• Another lingering issue: The fee charged by the state Department of Health Care Policy and Financing to administer the hospital provider fee program would decrease from 5 percent to 3 percent. The savings from that drop – up to $56 million per year – would go to the hospitals in the provider fee program. With a federal federal match, it would amount to an additional $112 million per year.

• The provision on the state’s business personal property tax also changed from an earlier draft. Last week, it would have allowed small businesses to receive a state tax credit against county taxes paid on business property valued at up to $18,000. That credit is now limited to property with assessed values of up to $7,300.

Funding for transportation projects – with 25 percent of total transportation dollars earmarked for rural communities – now at $1.88 billion, to be paid for with $50 million from the state’s highway trust fund and $100 million from the general fund, which is largely made up of sales and income tax revenues. The $150 million would finance bonds for transportation projects. Another $120 million per year would go to pay for controlled maintenance at the state’s public colleges and universities.

• What remains unchanged: The $200 million reduction in the state’s TABOR limits, currently set at about $13.3 billion. The reduction is meant to counterbalance the removal of provider fee revenues – about $656 million in 2017-18 – from the state’s revenue limit into a government-owned enterprise. TABOR allows for enterprises. Among the largest: college tuition , which pays for college costs, and fees paid at state parks, which pay for the operations of those parks.

• Also unchanged: State agencies would be required for the 2018-19 fiscal year to submit budgets to the governor’s budget office showing a 2 percent across-the-board cut.

Sonnenberg beamed as he disclosed the agreement Wednesday afternoon. But he was later somber about the costs to his rural constituents if an agreement was not reached. His district includes two hospitals that could close, and that could cost lives.

“This [bill] may cost me an election,” he said, meaning that some Republicans both inside and outside the state Capitol are talking about finding someone to challenge him in a primary.  Sonnenberg, a farmer and now at the end of his 11th year in the legislature, is up for reelection in 2018 to his final term in the state Senate and the General Assembly.

“You have to do the right thing for your constituents,” he added. “It’s important to note that we’re addressing unintended consequences because of federal mandates” such as the expansion of Medicaid. “To just leave our hospitals out in the cold, and balance the budget on the backs of those hospitals…it’s like sticking your head in the sand.”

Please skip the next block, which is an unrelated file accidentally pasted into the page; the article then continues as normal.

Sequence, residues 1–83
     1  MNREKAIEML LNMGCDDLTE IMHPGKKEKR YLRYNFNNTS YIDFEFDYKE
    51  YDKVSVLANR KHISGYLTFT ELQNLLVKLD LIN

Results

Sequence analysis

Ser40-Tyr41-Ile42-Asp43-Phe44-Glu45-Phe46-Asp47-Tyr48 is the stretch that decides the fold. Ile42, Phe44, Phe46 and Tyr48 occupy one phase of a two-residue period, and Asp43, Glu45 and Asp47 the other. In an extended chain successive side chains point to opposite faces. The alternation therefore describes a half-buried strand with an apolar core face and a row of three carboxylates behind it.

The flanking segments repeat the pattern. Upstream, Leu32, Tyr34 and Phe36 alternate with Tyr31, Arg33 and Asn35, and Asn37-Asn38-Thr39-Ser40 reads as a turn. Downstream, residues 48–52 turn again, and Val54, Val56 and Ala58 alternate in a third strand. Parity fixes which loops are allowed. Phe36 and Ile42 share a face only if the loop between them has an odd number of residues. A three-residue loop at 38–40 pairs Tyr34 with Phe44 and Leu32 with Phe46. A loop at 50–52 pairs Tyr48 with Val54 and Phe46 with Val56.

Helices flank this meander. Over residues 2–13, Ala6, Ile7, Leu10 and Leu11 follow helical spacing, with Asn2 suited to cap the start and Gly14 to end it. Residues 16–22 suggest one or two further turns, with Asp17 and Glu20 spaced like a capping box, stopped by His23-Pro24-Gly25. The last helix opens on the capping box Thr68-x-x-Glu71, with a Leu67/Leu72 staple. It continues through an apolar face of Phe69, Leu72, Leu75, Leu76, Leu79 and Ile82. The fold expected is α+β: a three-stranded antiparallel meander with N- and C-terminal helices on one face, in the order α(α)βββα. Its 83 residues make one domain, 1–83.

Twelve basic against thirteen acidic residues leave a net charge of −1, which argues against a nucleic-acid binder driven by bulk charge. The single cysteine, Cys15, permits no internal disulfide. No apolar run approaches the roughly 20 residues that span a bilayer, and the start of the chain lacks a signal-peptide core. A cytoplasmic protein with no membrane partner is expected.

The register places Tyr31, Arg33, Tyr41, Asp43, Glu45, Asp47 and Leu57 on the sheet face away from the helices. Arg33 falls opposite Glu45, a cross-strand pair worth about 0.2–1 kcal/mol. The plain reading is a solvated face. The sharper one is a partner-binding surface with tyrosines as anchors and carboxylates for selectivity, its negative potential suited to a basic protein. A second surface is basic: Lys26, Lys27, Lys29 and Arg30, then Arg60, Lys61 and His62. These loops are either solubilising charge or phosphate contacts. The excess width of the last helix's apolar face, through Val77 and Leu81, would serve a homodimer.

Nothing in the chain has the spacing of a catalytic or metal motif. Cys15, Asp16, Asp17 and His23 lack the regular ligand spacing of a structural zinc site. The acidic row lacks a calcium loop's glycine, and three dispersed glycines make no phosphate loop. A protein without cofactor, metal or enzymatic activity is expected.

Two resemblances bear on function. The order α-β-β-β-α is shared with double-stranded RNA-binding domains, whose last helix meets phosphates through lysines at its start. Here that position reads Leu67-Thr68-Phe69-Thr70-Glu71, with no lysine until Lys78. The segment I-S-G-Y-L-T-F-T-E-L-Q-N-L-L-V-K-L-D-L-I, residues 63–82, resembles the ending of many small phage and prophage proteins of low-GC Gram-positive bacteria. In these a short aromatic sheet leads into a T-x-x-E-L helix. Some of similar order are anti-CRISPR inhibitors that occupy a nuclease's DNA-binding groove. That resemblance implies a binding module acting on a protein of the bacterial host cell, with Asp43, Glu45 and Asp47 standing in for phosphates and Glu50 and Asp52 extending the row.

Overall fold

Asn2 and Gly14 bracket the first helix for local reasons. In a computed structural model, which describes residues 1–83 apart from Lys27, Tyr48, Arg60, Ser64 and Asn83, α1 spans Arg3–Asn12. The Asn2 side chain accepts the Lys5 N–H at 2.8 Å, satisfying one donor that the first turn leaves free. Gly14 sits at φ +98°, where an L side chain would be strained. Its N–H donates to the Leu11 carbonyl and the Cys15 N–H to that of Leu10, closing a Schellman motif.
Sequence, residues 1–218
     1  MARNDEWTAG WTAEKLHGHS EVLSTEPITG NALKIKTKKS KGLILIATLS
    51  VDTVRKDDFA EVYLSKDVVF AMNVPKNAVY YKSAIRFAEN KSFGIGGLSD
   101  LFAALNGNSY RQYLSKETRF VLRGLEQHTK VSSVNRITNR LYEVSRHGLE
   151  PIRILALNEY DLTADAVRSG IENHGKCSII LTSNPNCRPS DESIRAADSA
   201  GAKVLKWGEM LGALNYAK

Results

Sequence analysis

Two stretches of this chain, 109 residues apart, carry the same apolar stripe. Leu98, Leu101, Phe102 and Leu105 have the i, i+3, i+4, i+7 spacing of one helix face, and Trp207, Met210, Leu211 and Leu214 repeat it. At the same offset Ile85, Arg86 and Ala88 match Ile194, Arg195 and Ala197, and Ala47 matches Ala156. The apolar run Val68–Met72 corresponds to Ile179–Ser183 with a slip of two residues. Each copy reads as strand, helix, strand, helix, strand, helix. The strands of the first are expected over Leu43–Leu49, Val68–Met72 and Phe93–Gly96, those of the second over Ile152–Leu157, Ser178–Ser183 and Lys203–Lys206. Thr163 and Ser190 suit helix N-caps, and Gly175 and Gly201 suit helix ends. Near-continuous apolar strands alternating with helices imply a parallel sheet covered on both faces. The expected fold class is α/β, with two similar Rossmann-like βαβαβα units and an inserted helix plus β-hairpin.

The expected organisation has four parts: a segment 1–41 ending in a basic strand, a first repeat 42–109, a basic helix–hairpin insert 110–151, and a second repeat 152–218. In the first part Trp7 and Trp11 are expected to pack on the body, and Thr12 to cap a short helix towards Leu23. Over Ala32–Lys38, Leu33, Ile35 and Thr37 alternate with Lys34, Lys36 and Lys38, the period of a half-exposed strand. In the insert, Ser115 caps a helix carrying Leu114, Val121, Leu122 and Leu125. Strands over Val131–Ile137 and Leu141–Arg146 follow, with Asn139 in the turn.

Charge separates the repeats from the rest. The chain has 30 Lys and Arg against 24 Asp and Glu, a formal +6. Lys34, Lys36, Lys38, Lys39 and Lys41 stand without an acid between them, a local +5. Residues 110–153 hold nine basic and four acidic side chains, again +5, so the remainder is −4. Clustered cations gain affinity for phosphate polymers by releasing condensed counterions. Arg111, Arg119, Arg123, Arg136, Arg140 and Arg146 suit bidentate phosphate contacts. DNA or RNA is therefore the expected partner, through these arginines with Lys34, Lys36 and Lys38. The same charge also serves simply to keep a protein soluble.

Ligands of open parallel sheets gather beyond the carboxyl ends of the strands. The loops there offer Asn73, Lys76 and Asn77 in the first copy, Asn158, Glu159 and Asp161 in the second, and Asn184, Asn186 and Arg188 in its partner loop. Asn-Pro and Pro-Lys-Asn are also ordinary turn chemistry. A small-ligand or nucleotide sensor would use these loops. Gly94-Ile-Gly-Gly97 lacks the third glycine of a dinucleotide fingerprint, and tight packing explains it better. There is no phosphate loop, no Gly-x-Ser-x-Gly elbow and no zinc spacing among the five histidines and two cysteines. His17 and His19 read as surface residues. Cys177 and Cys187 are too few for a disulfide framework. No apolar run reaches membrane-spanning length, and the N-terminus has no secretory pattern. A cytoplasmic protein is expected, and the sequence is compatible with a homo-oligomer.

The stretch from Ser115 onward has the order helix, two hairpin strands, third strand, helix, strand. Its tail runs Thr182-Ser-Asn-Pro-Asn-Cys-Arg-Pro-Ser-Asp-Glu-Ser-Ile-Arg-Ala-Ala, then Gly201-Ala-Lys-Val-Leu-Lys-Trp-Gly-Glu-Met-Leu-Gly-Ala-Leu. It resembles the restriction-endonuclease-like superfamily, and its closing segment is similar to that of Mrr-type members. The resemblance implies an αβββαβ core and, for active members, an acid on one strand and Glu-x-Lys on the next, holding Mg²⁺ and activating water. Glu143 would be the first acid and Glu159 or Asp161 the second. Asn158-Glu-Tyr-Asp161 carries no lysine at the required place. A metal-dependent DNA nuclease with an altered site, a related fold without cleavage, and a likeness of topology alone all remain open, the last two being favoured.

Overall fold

According to the Colorado Hospital Association, as many as a dozen rural hospitals, including two in Sonnenberg’s district, could close without the fix from the provider fee bill.

Sonnenberg’s Senate co-sponsor, Senate Minority Leader Lucia Guzman of Denver, agreed that this has also been the most difficult bill she’s ever worked on.

Reclassifying the provider fee into an enterprise is a huge challenge that has not come easy, she told The Independent. The agreement doesn’t include everything she wanted, but she called it a major start. Guzman, a Denver pastor, grew up on a farm in Texas and has taken on rural issues as a lawmaker, most notably, attempting to help rural communities with broadband Internet access.

“I have never experienced this amount of stress, lack of sleep and worry,” Guzman said. But, she added, the support she has received from rural Coloradans “shows me why all that stress has been well worth it.” 

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About the Author

Marianne Goodland

has been a political journalist since 1998. She covered the state capitol for the Silver & Gold Record from 1998 to 2009 and for The Colorado Statesman in 2010-11 and 2013-14. Since 2010 she also has covered the General Assembly for newspapers in northeastern Colorado. She was recognized with awards from the Colorado Press Association for feature writing and informational graphics for her work with the Statesman in 2012.